You can’t deny that edgelord end-times action series Twisted Metal has guts

Clarisse Loughrey’s Show of the Week column, published every Friday, spotlights a new show to watch or skip. This week: apocalyptic video-game adaptation Twisted Metal, newly available to UK audiences.

I can’t help but admire the guts on Twisted Metal, a show whose entire first season is really a prologue for a second season it was never guaranteed to receive. It’s an adaptation of a once-popular, but hardly zeitgeisty series of PlayStation games, whose storyline never expanded far beyond “murder people with your car”.

What scene-setting it did have—and, to note, there hasn’t been a new instalment in over a decade—involved a yearly vehicular combat tournament, typically hosted by a guy named Calypso, in which contestants would annihilate each other with the missiles, guns, and spikes strapped to their cars. The winner would then be granted their greatest wish.

None of this actually happens in the Twisted Metal show. Instead, it dedicates itself to elaborating on the game’s vague dystopia. Here, two decades ago, a virus took down the internet, unleashed carnage, and saw America’s cities throw up walls to protect themselves.

There are now two realities: the relatively comfortable, though potentially sinister, existence eked out in the urban centres, and the Mad Max free-for-all outside, where the only kind of law and order is dished out by people like Agent Stone (Thomas Haden Church), a psychotic former mall cop.

John Doe (Anthony Mackie), whose memories of the pre-apocalypse world are a complete blank, works as “milkman” on the west coast, driving deliveries between cities, risking life and limb for meagre reward. But when Raven, the COO of New San Francisco (Neve Campbell), offers him a place within the walls in return for a pick-job all the way in New Chicago, John is finally allowed to dream of rest.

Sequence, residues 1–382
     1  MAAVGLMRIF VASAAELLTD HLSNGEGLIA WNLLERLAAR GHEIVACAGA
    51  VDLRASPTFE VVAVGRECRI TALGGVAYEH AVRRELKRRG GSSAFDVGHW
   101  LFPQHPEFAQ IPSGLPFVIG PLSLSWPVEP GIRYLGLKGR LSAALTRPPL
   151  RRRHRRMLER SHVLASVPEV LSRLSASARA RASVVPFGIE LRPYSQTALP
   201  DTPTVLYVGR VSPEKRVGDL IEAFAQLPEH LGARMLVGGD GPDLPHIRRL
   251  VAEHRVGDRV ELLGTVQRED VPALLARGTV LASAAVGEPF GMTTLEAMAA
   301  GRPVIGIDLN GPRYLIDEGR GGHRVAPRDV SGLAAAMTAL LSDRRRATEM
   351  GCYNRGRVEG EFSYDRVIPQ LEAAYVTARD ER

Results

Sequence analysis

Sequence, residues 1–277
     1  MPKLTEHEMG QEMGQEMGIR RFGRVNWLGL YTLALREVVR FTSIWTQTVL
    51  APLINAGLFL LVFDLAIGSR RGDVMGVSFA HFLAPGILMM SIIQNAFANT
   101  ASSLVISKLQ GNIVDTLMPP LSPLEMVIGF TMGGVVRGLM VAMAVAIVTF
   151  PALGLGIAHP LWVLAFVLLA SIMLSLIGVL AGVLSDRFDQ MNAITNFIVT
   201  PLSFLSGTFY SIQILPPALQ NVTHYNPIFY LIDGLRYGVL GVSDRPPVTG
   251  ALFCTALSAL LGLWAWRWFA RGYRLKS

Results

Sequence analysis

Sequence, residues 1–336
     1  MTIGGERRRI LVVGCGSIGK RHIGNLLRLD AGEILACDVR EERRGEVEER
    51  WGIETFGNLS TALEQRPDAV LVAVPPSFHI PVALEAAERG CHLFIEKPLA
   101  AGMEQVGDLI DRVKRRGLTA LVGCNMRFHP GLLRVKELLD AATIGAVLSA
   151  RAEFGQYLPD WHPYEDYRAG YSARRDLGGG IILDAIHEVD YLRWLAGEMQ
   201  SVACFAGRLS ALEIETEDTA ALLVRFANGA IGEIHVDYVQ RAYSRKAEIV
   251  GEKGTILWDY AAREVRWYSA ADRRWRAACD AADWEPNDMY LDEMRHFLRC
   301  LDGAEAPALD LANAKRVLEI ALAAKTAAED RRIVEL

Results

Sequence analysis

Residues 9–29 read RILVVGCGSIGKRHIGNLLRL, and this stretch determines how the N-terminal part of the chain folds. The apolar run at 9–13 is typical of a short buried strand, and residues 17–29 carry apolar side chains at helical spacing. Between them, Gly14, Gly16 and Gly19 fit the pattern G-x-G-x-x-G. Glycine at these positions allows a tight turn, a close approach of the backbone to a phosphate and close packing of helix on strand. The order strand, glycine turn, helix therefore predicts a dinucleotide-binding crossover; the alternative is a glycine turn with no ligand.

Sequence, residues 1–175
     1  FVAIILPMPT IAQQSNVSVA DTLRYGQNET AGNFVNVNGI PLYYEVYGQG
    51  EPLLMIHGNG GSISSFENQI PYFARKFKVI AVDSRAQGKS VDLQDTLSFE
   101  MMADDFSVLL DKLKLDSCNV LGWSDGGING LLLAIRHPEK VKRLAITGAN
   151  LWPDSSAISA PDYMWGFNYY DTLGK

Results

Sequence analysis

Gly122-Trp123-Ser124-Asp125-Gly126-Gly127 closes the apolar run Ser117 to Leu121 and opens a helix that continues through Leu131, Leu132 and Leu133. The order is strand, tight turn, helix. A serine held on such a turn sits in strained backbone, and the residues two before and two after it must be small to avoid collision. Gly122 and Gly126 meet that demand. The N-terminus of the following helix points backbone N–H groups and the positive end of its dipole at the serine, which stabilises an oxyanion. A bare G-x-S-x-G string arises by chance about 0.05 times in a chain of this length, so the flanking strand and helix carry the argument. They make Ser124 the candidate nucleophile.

It’s an offer he can’t really afford to turn down. A straightforward job grows more complicated when he crosses paths with a mysterious, tight-lipped woman he nicknames Quiet (Stephanie Beatriz). There’s talk of the tournament, but it’ll take the entire season to get there.

Yet oddly, having a full season of television function as a prelude to the real business isn’t actually as misguided an idea as it might seem. Twisted Metal’s tone, as written by Cobra Kai’s Michael Jonathan Smith, takes a little getting used to—and for some, a show premised around what would feel cool and radical to a 12-year-old, executive produced by Zombieland and Deadpool’s Rhett Reese and Paul Wernick, exists simply beyond their tolerance level. But Twisted Metal offered me what I can only describe as my own character development arc, as I watched my hard-nosed cynicism in the face of two irritating jokesters gradually soften into genuine affection.

Most of that, really, comes down to Mackie and Beatriz, who dilute that edgelord dialogue with a little sweetness, the naïveté of arrested development. It makes sense—the world collapsed before they really had the chance to learn who they are as people. They act as the counterbalance to all the mania on display, which can be a little hit-or-miss, but at least makes for consistent worldbuilding.

It tracks that an America where cannibals argue over whether to season people in teriyaki or lemon pepper seasoning would also feature religious fanatics led by Jason Mantzoukas in unbuttoned priest robes, and a crazed clown named Sweet Tooth (played on screen by wrestler Joe Seanoa, but voiced by Will Arnett) who drives an ice cream truck and lives for the applause.

It’s also pretty consistent with its early 2000s nostalgia, so expect to hear Sisqó’s “Thong Song” and Evanescence’s “My Immortal”, alongside a sneaky little reference to the film Wild Wild West. Ironically, what it lacks the most are decent driving scenes, with the fun only really kicking off in the final episode. Clearly, budget limitations were at play here, but in the way a filmmaking team with keener imaginations could have found a workaround for.

Maybe this was merely the testing ground before season two goes all out. And, if we do treat this as a prologue, it’s an easy (and relatively quick) show to burn through. Plus, UK viewers actually benefit here from it slinking onto Paramount+ nine months after its initial release. You don’t have to worry about Twisted Metal potentially being a wasted investment of time—the series has already been renewed.